Thoughts on a New Centerboard for Sanderling (Long post)
About 10 days ago there was a thread about using epoxy or urethane foam and glass microspheres to build a rudder. I followed this thread closely because I want to build a new centerboard to replace the pitted and corroded cast iron board now in Sanderling.
The cast iron not only rusts, but it swells inside the trunk and gets jammed. Plus there is galvanic action between the board and the stainless shackle on the trailing edge which attaches the pennant to the board. The hole gets thin and eventually the shackle tears out like a piece of paper in a loose leaf notebook, causing the board to drop into the mud.. Every other year or so I have to grind the old hole away and drill a new hole further inboard. I replaced the 1/8" SS wire pennant with one of the new high-tech synthetic lines ( I forget which). That works fine, but the shackle is still there.
The board, which weighs 168 pounds, does not count much in terms of ballast. It just provides lateral resistance to reduce leeway, take pressure off the tiller and balance the rig so she can sail herself. It has to be heavy enough to drop on its own when the pennant is eased. It is 5'7" long, has a chord of about 13" and is 7/8" thick at its widest point.
Foss Foam or Idasailor could possibly make me a new board just like their rudders. But that might cost one Boat Buck or more, which, being retired, I cannot now afford.
I considered several materials to build this new board: 1) Plate steel. I could make it out of 7/8" plate and coat it with epoxy tar and paint it. Or I could use 1/2" steel and wrap it in fiberglass and epoxy to the required thickness.
2) Starboard. But I decided that this material would flex too much under the considerable lateral loads on a reach or going to windward.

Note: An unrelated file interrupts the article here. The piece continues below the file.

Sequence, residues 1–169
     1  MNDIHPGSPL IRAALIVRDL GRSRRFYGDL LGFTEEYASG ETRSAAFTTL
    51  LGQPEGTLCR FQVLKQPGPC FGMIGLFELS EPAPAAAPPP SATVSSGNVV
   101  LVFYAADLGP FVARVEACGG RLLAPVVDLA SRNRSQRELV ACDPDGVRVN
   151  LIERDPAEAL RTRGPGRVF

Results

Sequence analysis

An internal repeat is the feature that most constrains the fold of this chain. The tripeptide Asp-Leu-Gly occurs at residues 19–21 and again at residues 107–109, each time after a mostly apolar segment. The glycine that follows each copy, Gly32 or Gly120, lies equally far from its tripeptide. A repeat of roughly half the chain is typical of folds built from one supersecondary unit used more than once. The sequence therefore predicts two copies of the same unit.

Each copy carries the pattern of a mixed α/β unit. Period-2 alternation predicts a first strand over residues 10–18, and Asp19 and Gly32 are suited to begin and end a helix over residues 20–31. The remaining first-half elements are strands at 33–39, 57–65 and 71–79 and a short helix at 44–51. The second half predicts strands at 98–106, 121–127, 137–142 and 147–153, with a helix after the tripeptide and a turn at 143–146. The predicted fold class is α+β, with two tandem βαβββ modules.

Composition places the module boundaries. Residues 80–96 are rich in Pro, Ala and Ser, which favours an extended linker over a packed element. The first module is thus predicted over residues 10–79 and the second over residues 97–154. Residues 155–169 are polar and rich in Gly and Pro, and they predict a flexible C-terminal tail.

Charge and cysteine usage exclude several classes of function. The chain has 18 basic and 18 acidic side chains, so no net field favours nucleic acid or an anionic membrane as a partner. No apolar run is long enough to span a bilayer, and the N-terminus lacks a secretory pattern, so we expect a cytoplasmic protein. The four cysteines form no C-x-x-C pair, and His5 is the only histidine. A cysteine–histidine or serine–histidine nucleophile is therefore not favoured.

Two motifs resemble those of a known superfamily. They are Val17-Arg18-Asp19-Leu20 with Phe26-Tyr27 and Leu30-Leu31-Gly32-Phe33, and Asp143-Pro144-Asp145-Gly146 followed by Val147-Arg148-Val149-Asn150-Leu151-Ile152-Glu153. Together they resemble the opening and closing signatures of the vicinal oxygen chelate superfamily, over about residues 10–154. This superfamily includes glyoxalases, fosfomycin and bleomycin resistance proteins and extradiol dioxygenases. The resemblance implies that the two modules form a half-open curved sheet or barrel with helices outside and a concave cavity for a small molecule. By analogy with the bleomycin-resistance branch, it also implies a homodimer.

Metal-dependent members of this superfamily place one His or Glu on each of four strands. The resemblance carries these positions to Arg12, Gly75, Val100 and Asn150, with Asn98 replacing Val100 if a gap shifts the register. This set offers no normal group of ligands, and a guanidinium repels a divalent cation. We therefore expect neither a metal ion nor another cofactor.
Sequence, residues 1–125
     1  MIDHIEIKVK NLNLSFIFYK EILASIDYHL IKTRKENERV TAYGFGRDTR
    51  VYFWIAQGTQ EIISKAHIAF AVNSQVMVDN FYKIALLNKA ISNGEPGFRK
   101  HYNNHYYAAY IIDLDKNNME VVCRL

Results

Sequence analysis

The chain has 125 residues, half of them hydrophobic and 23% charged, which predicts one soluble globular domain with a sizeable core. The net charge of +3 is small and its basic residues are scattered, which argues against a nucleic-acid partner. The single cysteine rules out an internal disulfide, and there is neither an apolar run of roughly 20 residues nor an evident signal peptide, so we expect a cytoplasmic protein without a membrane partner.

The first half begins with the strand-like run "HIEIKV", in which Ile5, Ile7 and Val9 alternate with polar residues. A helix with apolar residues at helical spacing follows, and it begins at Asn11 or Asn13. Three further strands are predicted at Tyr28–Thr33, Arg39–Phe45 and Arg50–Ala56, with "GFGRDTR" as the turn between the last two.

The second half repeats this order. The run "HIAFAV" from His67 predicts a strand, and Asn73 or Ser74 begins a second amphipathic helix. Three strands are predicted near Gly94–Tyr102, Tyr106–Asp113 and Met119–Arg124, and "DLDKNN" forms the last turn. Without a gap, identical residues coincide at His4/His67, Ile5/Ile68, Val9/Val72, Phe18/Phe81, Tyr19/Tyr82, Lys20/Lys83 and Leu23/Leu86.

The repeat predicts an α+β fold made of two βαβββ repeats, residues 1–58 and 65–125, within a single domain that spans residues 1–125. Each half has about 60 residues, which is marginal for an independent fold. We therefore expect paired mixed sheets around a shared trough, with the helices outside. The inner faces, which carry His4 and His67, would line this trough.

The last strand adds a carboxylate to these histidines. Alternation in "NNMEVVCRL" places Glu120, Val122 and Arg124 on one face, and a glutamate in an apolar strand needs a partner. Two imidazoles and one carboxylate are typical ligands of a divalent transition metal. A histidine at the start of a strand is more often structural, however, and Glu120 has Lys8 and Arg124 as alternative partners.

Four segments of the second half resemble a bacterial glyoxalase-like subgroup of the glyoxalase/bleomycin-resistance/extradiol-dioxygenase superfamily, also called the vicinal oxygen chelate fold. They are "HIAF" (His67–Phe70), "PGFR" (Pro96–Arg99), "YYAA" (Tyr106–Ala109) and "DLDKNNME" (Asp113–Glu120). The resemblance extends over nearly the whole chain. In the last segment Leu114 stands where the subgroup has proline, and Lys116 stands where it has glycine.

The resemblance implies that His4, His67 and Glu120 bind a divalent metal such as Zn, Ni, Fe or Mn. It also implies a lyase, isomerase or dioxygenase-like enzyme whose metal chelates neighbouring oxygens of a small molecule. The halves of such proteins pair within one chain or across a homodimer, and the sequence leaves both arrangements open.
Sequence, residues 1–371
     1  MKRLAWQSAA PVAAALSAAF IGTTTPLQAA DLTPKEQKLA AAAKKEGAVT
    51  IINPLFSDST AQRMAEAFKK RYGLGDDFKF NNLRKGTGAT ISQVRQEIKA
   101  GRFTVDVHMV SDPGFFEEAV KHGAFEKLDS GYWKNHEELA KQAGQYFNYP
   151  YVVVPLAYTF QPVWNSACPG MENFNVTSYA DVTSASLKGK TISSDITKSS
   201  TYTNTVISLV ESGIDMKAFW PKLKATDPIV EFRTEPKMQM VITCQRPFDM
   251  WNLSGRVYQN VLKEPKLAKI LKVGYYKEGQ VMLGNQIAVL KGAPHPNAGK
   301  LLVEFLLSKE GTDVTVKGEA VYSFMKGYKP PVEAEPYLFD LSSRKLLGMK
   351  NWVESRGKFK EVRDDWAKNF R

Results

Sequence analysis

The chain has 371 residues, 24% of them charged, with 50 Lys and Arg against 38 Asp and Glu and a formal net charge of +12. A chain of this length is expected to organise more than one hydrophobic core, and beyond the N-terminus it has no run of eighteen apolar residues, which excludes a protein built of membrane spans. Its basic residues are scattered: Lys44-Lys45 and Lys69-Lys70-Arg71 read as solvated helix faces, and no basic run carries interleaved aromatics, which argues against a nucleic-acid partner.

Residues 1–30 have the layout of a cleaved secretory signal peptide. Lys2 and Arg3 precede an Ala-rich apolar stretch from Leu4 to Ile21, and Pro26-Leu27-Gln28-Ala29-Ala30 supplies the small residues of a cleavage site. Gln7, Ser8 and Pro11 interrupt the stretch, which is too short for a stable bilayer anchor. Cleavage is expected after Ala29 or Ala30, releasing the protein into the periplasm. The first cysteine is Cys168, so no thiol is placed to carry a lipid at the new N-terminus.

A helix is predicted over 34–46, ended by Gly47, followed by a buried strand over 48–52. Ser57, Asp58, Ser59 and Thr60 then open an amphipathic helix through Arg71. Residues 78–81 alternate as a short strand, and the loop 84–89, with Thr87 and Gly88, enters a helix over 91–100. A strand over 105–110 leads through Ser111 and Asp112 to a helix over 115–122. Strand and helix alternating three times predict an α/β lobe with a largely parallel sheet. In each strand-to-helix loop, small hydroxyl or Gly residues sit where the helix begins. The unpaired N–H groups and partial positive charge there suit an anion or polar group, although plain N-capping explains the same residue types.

3) I could make a board using plywood wrapped in fiberglass and epoxy, maybe placing a 5/8" lead bar on the leading edge for weight and impact protection.
4) I could build it out of fiberglass using woven roving and bi-axial for strength and build-up. Alternatively, there's a form of fiberglass consisting of glass rods held together by a scrim. A couple layers of that would be very strong and heavy enough.
5) I saw an article about a cockpit hatch that was made of strong pre-made fiberglass sheeting (forgot the name of that stuff). But that material might be very expensive.
6) Bronze. That is my preferred material for a centerboard. But that might cost several Boat Bucks.
7) As a last resort, I could just glass over the clot and forget about using the board. Several people I know have done this. But it changes the handling characteristics of the boat, resulting in much more leeway. Charlie Morgan wasn't no dummy. I don't wanna do that.
There's another consideration. The board pivots on what I believe to be a 1 1/2" bronze pin embedded in the forward part of the keel. If I used steel, I'd have to somehow isolate the steel board from the bronze pin. If I used any other material, I'd have to provide some sort of bearing or bushing so that the pin does not wear away at the pivot hole.
This is my thought process on this issue.
What say you all? Have you any ideas, suggestions, comments concerning the foregoing?
I'd appreciate your input.
Sanderling, 1967 C-31 #77
- Many of you know that my daughter, Becky, is an avid sailboat racer.
Among other venues, she races out of Annapolis on Wednesday nights. This
last Wednesday, things got a little more exciting than usual. They blew
the carbon fiber mast on Wanda. You can see the results at about 2:25
into the video. Nobody got hurt but a new mast is somewhere north of
Capt'n Pauley (Paul Esterle)
Freelance Boating Writer